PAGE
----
TED SIMONS: That seems unusual, is that unusual?
PETER CORBETT: I think it is. I've not heard of a case like that before. You've got all these customers, tourists spread out all over the country. They will never see the money.
TED SIMONS: Not only is it unusual to say the people who paid the tax aren't going to be the ones who get the tax. It seems odd to say that a tax has been going on for years, you have to refund the money. Isn't it more common to say that the tax is unconstitutional, knock it off?
PETER CORBETT: Or even stranger, that it's going to continue until the case is resolved. They continue to collect the tax and pay it to the Arizona Sports and Tourism Authority.
TED SIMONS: Even though -- literally they could be collecting money, they are going to have to turn around and give it back.
PETER CORBETT: Right. There's some thought whether to put the money in an escrow account or what they do with that in the meantime. But it hasn't been decided. There are a lot of things that haven't been decided in these cases. There are certainly going to be appeals.
TED SIMONS: With that in mind, what are we looking at as far as appeals? How long could the process go?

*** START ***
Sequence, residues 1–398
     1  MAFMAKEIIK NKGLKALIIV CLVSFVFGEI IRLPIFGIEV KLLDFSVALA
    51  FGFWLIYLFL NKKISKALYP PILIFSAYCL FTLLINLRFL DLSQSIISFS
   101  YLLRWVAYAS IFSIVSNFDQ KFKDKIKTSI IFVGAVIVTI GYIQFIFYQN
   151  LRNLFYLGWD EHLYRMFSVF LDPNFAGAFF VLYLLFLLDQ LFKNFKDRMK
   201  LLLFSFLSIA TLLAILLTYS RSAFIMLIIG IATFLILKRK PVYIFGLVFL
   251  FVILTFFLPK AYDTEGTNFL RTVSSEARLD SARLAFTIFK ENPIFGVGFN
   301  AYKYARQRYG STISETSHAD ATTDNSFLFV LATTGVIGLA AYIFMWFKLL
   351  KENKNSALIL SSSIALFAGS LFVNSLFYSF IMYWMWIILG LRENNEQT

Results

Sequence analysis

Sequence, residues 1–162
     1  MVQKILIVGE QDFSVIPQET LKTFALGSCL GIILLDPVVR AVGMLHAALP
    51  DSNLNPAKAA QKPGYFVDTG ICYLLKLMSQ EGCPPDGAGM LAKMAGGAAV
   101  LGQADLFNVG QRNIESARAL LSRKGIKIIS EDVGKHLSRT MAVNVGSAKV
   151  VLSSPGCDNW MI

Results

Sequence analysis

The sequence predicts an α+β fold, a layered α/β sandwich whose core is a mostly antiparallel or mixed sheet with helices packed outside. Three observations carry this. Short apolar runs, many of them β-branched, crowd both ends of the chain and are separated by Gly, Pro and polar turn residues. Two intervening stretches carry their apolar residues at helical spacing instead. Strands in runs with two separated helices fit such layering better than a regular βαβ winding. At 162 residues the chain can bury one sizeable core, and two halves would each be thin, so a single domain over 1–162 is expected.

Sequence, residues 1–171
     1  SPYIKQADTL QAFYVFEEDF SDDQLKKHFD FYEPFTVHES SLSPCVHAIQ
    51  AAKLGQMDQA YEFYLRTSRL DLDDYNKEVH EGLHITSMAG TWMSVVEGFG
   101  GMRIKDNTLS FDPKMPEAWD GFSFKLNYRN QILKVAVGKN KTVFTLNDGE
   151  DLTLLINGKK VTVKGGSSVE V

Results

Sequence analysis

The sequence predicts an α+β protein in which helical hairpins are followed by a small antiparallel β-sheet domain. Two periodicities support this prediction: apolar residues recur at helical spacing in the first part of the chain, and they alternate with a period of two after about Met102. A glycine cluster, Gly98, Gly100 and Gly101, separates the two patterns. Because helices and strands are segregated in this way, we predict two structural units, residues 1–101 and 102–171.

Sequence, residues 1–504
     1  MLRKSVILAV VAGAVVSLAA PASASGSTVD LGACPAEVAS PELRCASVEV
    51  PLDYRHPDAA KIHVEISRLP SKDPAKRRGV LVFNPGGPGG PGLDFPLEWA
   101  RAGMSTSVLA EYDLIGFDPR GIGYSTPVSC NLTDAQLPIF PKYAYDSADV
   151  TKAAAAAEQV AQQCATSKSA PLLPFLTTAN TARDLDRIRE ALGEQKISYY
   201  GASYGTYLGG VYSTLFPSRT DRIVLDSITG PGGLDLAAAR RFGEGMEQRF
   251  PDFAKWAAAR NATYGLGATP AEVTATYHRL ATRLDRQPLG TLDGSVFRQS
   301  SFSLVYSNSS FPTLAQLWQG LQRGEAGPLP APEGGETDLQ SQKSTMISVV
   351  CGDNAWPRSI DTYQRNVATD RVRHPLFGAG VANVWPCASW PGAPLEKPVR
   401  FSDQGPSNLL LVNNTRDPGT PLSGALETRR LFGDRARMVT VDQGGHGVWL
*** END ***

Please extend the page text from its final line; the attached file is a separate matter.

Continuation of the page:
PETER CORBETT: The plaintiff's attorney John Aitken says he expects the case to wrap up by 2016, and could see a ruling from the appeals court in 16 or 17, and then find out if the Arizona Supreme Court takes the case. That could push it into 2018.
TED SIMONS: If it pushes it into that far ahead, all that time they are going to continue collecting money.
PETER CORBETT: Right.
TED SIMONS: Is there a plan for them to stop this?
PETER CORBETT: We'll see if there's any rulings in that regard, if they put the money in escrow or what they want to do with it.
TED SIMONS: How much money are we talking about to date?
PETER CORBETT: There's as much as $160 million from all of the cases. This initial case that was ruled on yesterday involved $22 million, according to the plaintiff's attorney. All the other time frames could add up to $150 to $160 million.
TED SIMONS: The response from Sports and Tourism Authority is?
PETER CORBETT: They had no response, except the attorneys don't believe the ruling will be upheld, they think the judges have gotten it wrong and they expect to prevail.
TED SIMONS: As far as the state of Arizona. Do we have any response from them?
PETER CORBETT: Nothing yesterday. We tried to reach out to them and did not get a response.